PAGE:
It is possible to include a sign for all elements that is output.  See the
configuration variable DeltaSigns below.

NOTE: The internal format of the delta changed in version 5.30 from
Y:M:D:H:MN:S to Y:M:W:D:H:MN:S .  Also, it is going to change again at some
point in the future to Y:M:W:D:H:MN:S*FLAGS .  Use the routine Delta_Format
to extract information rather than parsing it yourself.

=item B<Delta_Format>

 @str = Delta_Format($delta [,$mode], $dec,@format);
 $str = Delta_Format($delta [,$mode], $dec,@format);

This is similar to the UnixDate routine except that it extracts information
from a delta.  Unlike the UnixDate routine, most of the formats are 2
characters instead of 1.

Formats currently understood are:

   %Xv     : the value of the field named X
   %Xd     : the value of the field X, and all smaller fields, expressed in
             units of X
   %Xh     : the value of field X, and all larger fields, expressed in units
             of X
   %Xt     : the value of all fields expressed in units of X

   X is one of y,M,w,d,h,m,s (case sensitive).

   %%      : returns a "%"

So, the format "%hd" means the values of H, MN, and S expressed in hours.
So for the delta "0:0:0:0:2:30:0", this format returns 2.5.

Delta_Format can operate in two modes: exact and approximate. The exact
mode is done by default. Approximate mode can be done by passing in
the string "approx" as the 2nd argument.

In exact mode, Delta_Format only understands "exact" relationships. This
means that there can be no mixing of the Y/M and W/D/H/MN/S segments
because the relationship because, depending on when the delta occurs, there
is no exact relation between the number of years or months and the number
of days.

The two sections are treated completely separate from each other. So,
the delta "1:6:1:2:12:0:0" would return the following values:

  %yt = 1.5 (1 year, 6 months)
  %Mt = 18

  %dt = 9.5 (1 week, 2 days, 12 hours)

In approximate mode, the relationship of 1 year = 365.25 days is applied
(with 1 month equal to 1/12 of a year exactly). So the delta
"1:6:1:2:12:0:0" would return the following values:

  %dt = 557.375 (1.5 years of 365.25 days + 9.5 days)

If $dec is non-zero, the %Xd and %Xt values are formatted to contain $dec
decimal places.

=item B<ParseRecur>

 $recur = ParseRecur($string [,$base,$date0,$date1,$flags]);
 @dates = ParseRecur($string [,$base,$date0,$date1,$flags]);

A recurrence refers to a recurring event, and more specifically, an event
which occurs on a regular basis.  A fully specified recurring event
may requires up to four pieces of information.

First, it requires a description of the frequency of the event.  Examples
include "the first of every month", "every other day", "the 4th
Thursday of each month at 2:00 PM", and "every 2 hours and 30 minutes".

Second, it may require a base date to work from.  This piece of information
is not required for every type of recurrence.  For example, if the
frequency is "the first of every month", no base date is required.  All the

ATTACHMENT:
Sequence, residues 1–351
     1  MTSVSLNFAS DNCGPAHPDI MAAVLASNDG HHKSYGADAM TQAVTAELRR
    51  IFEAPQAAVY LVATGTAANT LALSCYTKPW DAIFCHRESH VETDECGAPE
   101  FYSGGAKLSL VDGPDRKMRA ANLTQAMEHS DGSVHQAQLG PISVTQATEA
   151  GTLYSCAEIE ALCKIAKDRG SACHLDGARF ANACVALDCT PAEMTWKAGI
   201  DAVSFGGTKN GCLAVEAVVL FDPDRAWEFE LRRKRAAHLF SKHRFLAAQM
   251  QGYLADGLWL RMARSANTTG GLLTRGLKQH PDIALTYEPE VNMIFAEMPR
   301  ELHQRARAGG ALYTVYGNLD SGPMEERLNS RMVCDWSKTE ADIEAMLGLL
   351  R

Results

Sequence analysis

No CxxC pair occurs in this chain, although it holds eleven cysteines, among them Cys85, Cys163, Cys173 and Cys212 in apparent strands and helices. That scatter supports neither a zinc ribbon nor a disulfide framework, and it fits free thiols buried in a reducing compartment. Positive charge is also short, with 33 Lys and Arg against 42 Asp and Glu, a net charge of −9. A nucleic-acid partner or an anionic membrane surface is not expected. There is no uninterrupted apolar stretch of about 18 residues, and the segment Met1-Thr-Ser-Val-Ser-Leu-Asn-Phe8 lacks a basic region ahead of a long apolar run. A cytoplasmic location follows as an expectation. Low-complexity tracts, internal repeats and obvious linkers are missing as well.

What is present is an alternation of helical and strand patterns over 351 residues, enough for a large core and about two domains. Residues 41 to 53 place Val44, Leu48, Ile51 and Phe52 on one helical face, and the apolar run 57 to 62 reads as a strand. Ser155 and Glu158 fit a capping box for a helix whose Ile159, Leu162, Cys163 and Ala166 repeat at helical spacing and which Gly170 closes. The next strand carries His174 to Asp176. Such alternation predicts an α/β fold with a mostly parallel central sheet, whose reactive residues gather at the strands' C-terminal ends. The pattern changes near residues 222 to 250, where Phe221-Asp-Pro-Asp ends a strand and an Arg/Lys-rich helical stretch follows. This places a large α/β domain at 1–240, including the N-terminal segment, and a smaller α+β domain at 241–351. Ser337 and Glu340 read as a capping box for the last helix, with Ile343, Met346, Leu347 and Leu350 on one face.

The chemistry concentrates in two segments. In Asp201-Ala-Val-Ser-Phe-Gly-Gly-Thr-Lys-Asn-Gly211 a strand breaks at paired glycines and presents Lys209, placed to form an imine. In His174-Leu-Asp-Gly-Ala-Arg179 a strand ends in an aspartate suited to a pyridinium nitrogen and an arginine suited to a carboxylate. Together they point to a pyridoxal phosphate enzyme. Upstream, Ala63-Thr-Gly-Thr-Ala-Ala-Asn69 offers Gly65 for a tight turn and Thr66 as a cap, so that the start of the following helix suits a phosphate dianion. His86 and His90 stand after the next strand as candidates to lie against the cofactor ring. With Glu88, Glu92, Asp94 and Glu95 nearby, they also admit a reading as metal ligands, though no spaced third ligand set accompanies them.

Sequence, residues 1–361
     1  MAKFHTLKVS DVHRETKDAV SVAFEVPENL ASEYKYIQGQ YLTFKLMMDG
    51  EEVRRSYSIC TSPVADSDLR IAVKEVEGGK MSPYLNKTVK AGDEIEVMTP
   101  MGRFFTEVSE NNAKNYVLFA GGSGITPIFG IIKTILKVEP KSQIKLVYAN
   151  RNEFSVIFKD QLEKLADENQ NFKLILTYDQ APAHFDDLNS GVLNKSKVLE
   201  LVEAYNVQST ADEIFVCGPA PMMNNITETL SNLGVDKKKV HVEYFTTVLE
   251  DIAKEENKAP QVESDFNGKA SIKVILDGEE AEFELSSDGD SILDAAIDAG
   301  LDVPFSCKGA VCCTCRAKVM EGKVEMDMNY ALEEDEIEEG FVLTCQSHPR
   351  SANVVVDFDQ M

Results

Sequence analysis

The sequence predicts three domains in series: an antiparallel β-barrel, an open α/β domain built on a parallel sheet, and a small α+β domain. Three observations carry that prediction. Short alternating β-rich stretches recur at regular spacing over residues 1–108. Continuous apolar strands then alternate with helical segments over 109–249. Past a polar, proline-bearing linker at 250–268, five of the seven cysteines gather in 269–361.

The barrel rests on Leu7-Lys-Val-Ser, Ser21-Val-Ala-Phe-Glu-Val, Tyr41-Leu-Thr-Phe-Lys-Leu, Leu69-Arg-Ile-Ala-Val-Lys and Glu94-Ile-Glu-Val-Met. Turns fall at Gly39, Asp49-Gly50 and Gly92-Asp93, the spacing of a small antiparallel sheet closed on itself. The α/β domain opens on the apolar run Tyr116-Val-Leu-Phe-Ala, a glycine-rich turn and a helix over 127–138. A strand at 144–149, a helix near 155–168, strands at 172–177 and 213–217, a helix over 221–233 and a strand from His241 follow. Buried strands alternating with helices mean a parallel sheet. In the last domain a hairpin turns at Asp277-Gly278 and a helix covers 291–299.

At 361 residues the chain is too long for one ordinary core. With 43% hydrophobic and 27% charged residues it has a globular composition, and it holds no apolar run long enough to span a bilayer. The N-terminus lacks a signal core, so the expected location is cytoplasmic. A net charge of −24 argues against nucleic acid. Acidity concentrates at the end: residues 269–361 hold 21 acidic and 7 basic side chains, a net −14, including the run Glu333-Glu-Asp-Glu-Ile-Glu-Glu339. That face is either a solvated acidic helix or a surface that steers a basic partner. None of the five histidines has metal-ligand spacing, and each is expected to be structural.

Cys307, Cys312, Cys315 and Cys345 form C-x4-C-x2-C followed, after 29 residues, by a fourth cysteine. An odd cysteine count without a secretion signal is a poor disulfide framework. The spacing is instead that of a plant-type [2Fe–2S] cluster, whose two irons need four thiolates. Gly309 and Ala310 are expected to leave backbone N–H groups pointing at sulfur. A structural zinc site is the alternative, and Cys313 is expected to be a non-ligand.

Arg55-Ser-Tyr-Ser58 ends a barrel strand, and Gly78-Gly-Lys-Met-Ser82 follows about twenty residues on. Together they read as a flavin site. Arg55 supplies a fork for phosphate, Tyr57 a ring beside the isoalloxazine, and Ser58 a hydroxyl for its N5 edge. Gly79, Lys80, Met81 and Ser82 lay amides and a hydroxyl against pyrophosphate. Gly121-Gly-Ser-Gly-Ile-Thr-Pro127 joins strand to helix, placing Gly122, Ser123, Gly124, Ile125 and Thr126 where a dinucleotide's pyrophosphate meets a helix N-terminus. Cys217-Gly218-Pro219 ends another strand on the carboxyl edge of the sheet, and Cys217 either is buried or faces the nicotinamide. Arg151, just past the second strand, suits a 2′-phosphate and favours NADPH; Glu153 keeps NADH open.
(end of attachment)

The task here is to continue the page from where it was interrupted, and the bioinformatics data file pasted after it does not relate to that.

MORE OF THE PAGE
information about when the event occurs is included in the frequency
description.  If the frequency were "every other day" though, you need to
know at least one day on which the event occurred.

Third, the recurring event may have a range (a starting and ending date).

Fourth, there may be some flags included which modify the behavior of the
above information.

The fully specified recurrence is written as these 5 pieces of information
(both a start and end date) as an asterisk separated list:


Here, base, date0, and date1 are any strings (which must not contain any
asterisks) which can be parsed by ParseDate.  flags is a comma separated
list of flags (described below), and freq is a string describing the
frequency of the recurring event.

The syntax of the frequency description is a colon separated list of the
format Y:M:W:D:H:MN:S (which stand for year, month, week, etc.).  One (and
only one) of the colons may optionally be replaced by an asterisk, or an
asterisk may be prepended to the string.  For example, the following are
all valid frequency descriptions:


But the following are NOT valid because they contain 2 or more asterisks:


If an asterisk is included, values to the left of it refer to the number of
times that time interval occurs between recurring events.  For example,
if the first part of the recurrence is:


this says that the recurring event occurs approximately every 1 year and 2
months.  I say approximately, because elements to the right of the asterisk,
as well as any flags included in the recurrence will affect when the actual
events occur.

If no asterisks are included, then the entire recurrence is of this form.
For example,


refers to an event that occurs every 1 day, 12 hours.

Values that occur after an asterisk refer to a specific value for that type
of time element (i.e. exactly as it would appear on a calendar or a clock).
For example, if the recurrence ends with:


then the recurring event occurs at 12:00:00 (noon).

For example:

  0:0:2:1:0:0:0        every 2 weeks and 1 day
  0:0:0:0:5:30:0       every 5 hours and 30 minutes
  0:0:0:2*12:30:0      every 2 days at 12:30 (each day)

Values to the right of the asterisk can be listed a single values, ranges
(2 numbers separated by a dash "-"), or a comma separated list of values
or ranges.  In most cases, negative values are appropriate for the week
or day values. -1 stands for the last possible value, -2 for the second
to the last, etc.

Some examples are:

  0:0:0:1*2,4,6:0:0    every day at at 2:00, 4:00, and 6:00
  0:0:0:2*12-13:0,30:0 every other day at 12:00, 12:30, 13:00,
                       and 13:30
  0:1:0*-1:0:0:0       the last day of every month
                       Dec 1 in 1990 through 1995

There is no way to express the following with a single recurrence:

  every day at 12:30 and 1:00

You have to use two recurrences to do this.

When a non-zero day element occurs to the right of the asterisk, it can take
on multiple meanings, depending on the value of the month and week